Retailers contributing to obesity crisis

Retailers contributing to obesity crisis

Banning fast food shops near schools “will not be enough” to tackle childhood obesity, according to academics at the University of Hertfordshire; retailers also have a major role to play in encouraging young people to make healthier food choices.

Over the last decade, much has been done to improve school meals with national legislation limiting the sale of food high in fat, sugar and salt – but this may be having unintended consequences.

Whilst the quality of food in schools has increased dramatically, the concentration of convenience stores, fast food outlets and supermarkets, particularly in areas of relative socio-economic deprivation, are drawing students away from healthier options in search of a fast food fix.

The new research focuses on young people’s food and drink purchasing behaviours within close proximity to the school and sets out recommendations for stakeholders to act.

Wendy Wills, Lead Research for Food and Public Health Research at the University of Hertfordshire, commented: “The food and drink sold on the high street to young people is a source of concern, in terms of the current public health agenda around obesity and nutrition. However, simply banning fast food outlets close to schools will not be enough to bring about change.”

“We need a thoughtful but hard hitting approach that engages retailers as well as young people, schools and parents to create a wholesale shift in expectation about what kinds of food and drink we want our children and teenagers to buy.”

The researchers stressed that retailers need to be motivated to provide and promote healthier options, and to offer alternatives to cheap ‘supersized’ crisps and sugary drinks to help drive down obesity. They also highlighted the need for school cafeterias to provide a better dining experience – a crucial factor in improving purchasing habits.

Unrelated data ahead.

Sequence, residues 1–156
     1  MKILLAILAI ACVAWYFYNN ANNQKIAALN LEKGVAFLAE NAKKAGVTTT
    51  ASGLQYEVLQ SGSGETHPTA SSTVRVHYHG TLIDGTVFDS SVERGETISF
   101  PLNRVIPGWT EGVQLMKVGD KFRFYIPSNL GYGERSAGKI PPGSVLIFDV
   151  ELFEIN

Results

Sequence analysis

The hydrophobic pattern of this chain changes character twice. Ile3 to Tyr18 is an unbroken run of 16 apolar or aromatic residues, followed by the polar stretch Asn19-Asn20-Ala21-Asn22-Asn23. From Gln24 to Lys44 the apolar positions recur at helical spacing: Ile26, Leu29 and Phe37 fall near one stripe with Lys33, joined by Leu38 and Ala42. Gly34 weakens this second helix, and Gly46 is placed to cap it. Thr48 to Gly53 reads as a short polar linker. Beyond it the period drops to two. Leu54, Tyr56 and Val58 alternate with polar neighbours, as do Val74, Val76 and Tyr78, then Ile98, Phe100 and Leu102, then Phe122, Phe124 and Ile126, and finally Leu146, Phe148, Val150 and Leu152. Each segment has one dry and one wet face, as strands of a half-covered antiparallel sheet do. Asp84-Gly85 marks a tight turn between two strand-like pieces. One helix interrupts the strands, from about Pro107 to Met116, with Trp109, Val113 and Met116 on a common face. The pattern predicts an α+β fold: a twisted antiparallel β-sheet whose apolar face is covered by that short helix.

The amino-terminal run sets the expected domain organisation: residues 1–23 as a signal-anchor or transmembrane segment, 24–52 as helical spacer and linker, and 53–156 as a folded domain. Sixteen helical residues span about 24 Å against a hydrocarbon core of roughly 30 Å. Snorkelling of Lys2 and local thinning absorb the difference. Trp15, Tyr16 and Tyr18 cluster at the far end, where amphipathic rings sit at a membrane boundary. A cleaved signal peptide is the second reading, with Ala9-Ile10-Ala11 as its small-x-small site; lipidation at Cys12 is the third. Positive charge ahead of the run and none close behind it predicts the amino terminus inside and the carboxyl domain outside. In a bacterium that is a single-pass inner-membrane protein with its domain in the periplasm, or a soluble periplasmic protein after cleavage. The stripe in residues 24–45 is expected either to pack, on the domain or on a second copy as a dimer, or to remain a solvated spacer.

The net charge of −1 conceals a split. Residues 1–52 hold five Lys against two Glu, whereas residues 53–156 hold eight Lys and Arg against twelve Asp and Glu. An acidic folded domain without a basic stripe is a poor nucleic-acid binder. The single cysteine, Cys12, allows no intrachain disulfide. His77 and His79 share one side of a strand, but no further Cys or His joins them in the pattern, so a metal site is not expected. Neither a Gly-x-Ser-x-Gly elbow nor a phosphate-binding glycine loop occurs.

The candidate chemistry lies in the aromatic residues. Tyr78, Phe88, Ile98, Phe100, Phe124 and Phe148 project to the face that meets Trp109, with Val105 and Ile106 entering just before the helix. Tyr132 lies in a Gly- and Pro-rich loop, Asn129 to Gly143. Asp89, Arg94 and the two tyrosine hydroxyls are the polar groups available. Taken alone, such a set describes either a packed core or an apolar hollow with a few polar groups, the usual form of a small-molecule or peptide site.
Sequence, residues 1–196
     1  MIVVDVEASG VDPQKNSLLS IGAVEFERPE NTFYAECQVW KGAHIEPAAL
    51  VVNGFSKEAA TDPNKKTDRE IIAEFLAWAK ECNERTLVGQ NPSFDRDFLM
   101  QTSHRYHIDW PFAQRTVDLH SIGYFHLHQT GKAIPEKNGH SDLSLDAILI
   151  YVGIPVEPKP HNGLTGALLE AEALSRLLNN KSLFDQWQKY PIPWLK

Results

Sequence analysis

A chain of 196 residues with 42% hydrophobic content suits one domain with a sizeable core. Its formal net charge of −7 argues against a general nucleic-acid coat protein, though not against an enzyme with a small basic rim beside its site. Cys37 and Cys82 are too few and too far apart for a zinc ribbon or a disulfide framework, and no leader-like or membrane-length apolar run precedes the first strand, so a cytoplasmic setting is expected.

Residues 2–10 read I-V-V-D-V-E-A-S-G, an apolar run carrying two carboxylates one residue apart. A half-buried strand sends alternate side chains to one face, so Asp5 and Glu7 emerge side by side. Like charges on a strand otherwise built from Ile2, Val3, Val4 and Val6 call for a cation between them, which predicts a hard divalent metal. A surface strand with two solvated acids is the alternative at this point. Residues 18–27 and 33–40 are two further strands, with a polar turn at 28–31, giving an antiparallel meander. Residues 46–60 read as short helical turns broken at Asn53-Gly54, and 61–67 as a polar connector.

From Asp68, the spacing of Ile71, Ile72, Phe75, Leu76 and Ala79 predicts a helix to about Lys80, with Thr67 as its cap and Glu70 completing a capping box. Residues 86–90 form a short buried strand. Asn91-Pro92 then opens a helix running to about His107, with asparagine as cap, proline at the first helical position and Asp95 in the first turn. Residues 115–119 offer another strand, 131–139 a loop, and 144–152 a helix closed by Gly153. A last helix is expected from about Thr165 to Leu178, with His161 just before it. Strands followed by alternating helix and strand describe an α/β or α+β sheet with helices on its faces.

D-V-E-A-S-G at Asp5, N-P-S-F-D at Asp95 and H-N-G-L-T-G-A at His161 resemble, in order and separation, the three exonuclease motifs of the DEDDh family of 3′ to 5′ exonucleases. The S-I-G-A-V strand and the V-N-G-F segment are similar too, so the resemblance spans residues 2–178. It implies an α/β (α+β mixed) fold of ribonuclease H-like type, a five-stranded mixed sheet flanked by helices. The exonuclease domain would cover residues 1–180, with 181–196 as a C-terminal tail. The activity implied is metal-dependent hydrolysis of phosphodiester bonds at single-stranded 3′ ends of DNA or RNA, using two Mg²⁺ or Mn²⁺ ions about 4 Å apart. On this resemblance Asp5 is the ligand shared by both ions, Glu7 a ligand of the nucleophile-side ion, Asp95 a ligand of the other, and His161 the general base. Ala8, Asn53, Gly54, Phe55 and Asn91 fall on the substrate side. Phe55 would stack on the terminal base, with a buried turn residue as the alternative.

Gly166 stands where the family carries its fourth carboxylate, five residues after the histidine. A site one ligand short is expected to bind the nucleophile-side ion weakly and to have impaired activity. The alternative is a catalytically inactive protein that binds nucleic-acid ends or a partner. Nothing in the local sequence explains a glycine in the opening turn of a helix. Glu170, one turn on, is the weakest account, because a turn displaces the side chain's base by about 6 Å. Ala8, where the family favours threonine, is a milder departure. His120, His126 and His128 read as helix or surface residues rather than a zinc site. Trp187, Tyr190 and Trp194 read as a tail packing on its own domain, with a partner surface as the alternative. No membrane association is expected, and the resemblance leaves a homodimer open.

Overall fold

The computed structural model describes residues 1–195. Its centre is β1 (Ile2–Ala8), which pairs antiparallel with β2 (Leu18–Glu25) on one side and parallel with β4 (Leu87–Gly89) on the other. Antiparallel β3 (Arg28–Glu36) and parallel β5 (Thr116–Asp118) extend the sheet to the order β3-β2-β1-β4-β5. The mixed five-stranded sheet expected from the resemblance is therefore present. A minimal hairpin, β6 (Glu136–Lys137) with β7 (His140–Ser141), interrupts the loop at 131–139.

The full briefing paper – “Within Arm’s Reach: School Neighbourhoods and Young People’s Food Choices” is available here.

If your school needs help in developing a progressive food and drink policy that can make a real difference to the diets and health of your children, please contact alexandra.holt@hegroup.org.uk  or call us on 0151 237 2686 for more information.


Tags assigned to this article:
junk foodlunch timeobesitypublic healthschool

Related Articles

Food Active Annual Report: 2015 / 2016

This year has been another eventful year for Food Active with significant successes including the welcome announcement from the Chancellor regarding

Coca-Cola and the Premier League team up in new sponsorship deal: #WhereEveryonePays

The Coca-Cola GB and English Premier League’s new campaign has now been activated across social media, involving a minute and

Guest Blog: Two London boroughs first to sign declaration on sugar and healthy food

Sofia Parente is Campaigns Coordinator at Sustain. Sustain: The alliance for better food and farming represents around 100 national public